Monster Medicine comes next. Beginning with more of those exquisite high strings that seem to arc overhead with icy conviction, the cue then softens with the addition of solo woodwind that brings along a tentative warmth that then carries over into the rest of the track. Although there is still a lurking undercurrent of danger, the music shears away much of its earlier malevolence to provide a delicate lull before the coming storm. Maggie's attachment to the one surviving cub that they rescued leads to her confession to Rob that she is carrying his baby, something that is now troubling her greatly due to the level of contamination that they seemed to be surrounded by. Thus, Rosenman treats this interlude as wistful and bittersweet, despite allowing little, softened phrases of Katahdin's theme to gently penetrate the moment. But all this poignancy is massively disrupted when the big mutant momma-bear shows up to wreak havoc amongst the party - now joined by the shaman, Dysart's suddenly guilt-ridden bureaucrat and the local Sheriff - and try to claim back its baby. Rosenman now unleashes what will become a veritable tour de force that will barely pause for breath until the end of the score. Fierce tonal pyramids for brass climb to a pinnacle that is topped with Huxley's Blaster Beam, now denoting the innate, gnarly terror of the beast, which shimmers thickly out across the music, adding a crazy, soul-strangling anger to the piece. Low brass reacts to the ponderous steps that the beast takes as it advances on the humans, percussion and shrieking strings capture its cacophonous roaring and the swipes of its razor-tipped paws. Woodwinds provide an unearthly hooting and that Blaster Beam delivers variances of its forest-levelling cadence. This is wonderful stuff, folks, that, if played loud enough, will totally disturb anyone who isn't a fan or doesn't know anything about film-scores and their orchestration. The broken, agitated style of Rosenman isn't for everyone, however, but this remains classically devastating and powerfully intuitive.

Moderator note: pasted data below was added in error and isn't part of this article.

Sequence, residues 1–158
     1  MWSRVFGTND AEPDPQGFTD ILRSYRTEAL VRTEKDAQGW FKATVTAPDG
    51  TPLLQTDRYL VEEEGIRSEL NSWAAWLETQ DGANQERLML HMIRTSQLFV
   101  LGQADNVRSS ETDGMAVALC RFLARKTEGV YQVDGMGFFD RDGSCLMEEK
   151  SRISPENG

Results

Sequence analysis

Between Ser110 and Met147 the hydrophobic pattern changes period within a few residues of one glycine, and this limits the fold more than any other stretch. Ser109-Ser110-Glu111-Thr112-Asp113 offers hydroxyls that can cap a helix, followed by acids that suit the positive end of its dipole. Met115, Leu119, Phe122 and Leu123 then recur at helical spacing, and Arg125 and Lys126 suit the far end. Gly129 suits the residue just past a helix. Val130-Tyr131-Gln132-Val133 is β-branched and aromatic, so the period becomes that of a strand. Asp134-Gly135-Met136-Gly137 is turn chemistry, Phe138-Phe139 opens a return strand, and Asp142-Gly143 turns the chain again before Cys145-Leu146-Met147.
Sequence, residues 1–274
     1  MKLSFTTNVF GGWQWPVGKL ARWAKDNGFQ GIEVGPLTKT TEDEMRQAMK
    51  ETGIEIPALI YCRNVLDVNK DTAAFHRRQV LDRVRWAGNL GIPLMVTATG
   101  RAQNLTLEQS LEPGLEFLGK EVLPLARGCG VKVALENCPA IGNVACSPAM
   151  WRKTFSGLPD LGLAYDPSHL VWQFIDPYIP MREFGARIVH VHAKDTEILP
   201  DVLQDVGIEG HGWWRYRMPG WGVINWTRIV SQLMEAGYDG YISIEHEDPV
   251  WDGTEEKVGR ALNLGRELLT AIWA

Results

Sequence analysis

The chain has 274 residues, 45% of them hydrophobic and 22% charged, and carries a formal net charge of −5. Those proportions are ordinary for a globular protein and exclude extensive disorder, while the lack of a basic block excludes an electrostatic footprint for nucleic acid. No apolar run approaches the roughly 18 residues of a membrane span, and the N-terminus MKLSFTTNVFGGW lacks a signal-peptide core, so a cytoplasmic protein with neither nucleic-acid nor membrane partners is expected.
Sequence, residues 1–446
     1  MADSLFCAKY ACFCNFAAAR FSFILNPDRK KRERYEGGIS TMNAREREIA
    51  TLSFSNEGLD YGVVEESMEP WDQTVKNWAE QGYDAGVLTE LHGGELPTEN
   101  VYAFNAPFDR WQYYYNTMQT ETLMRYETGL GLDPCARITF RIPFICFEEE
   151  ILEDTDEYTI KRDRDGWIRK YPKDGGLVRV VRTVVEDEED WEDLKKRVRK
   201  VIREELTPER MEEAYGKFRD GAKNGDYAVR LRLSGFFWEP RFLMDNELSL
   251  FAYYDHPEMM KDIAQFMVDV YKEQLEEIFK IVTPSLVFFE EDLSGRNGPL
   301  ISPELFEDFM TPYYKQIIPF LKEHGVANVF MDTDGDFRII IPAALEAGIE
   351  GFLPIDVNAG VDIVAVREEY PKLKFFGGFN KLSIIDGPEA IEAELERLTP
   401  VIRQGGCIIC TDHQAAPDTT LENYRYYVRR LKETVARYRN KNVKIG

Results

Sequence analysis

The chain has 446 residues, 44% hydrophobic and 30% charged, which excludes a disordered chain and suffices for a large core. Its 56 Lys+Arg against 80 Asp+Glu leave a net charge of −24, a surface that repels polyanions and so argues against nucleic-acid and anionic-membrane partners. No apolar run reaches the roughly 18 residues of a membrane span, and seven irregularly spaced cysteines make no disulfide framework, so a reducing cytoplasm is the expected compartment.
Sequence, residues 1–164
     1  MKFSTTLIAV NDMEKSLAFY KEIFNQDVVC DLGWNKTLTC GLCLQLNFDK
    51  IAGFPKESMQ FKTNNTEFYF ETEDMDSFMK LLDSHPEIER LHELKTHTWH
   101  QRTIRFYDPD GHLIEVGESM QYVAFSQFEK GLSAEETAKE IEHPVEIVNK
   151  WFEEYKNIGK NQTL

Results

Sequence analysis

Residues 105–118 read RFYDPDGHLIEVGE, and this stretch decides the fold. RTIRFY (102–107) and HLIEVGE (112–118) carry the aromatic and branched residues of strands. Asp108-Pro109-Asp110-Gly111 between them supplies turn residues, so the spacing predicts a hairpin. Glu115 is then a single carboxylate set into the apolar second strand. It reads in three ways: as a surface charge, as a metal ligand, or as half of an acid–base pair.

After the piercing strings, guttural brass accents and wailing woodwinds that play over a shock decapitation, the beast retreats back into the woods with the carcass of its dead cub to ponderous, lurching low-register stomps. The surviving humans, huddled in a tunnel, with the remaining cub, take stock of their situation as Rosenman's music drops the fury and slides out to an uneasy fade. A nice section follows in Track 14, Trip To The Tower, in which the group separate and Dysart's character, eager to make amends, attempts to make it to the radio shack to call for help. Brass and string developments give the accent to ethnic percussion effects and occasional low bursts of staccato. Tension gains precedence with edgy violins as the vulnerability of the lone mill manager is made apparent. The subtle intonations of the monster's theme that bubbled nervously in the midst of this travelogue come to fore in the next track, Isley's End, as Katahdin suddenly reappears and pursues - in that dreadfully ungainly and unconvincing manner that only a man in a daft rubber suit can convey - him towards a security fence that the pesky little man will not be able to surmount in time. Electronica busies itself, along with little interjections of ethnic percussion, then doomed chords from the piano and terrified squeals from high strings combine to form a bed of disarray for the Blaster Beam to incinerate its way across and jut forcibly back into the score. Like musical napalm, the monster's unforgiving motif dominates the final stretch of the track as poetic justice is meted-out.